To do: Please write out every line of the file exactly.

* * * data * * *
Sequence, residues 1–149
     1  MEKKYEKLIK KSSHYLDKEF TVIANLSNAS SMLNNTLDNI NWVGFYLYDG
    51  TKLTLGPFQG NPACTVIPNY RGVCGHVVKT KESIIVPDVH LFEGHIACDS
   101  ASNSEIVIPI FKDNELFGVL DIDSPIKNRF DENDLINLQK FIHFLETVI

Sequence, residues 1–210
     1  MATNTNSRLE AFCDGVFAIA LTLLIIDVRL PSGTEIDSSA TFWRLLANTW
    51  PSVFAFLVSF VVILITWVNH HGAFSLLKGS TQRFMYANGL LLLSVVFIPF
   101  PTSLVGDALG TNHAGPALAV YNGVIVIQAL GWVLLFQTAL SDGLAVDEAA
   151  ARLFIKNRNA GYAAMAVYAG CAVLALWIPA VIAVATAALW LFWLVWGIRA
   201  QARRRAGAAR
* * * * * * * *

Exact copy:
Sequence, residues 1–149
     1  MEKKYEKLIK KSSHYLDKEF TVIANLSNAS SMLNNTLDNI NWVGFYLYDG
    51  TKLTLGPFQG NPACTVIPNY RGVCGHVVKT KESIIVPDVH LFEGHIACDS
   101  ASNSEIVIPI FKDNELFGVL DIDSPIKNRF DENDLINLQK FIHFLETVI

Sequence, residues 1–210
     1  MATNTNSRLE AFCDGVFAIA LTLLIIDVRL PSGTEIDSSA TFWRLLANTW
    51  PSVFAFLVSF VVILITWVNH HGAFSLLKGS TQRFMYANGL LLLSVVFIPF
   101  PTSLVGDALG TNHAGPALAV YNGVIVIQAL GWVLLFQTAL SDGLAVDEAA
   151  ARLFIKNRNA GYAAMAVYAG CAVLALWIPA VIAVATAALW LFWLVWGIRA
   201  QARRRAGAAR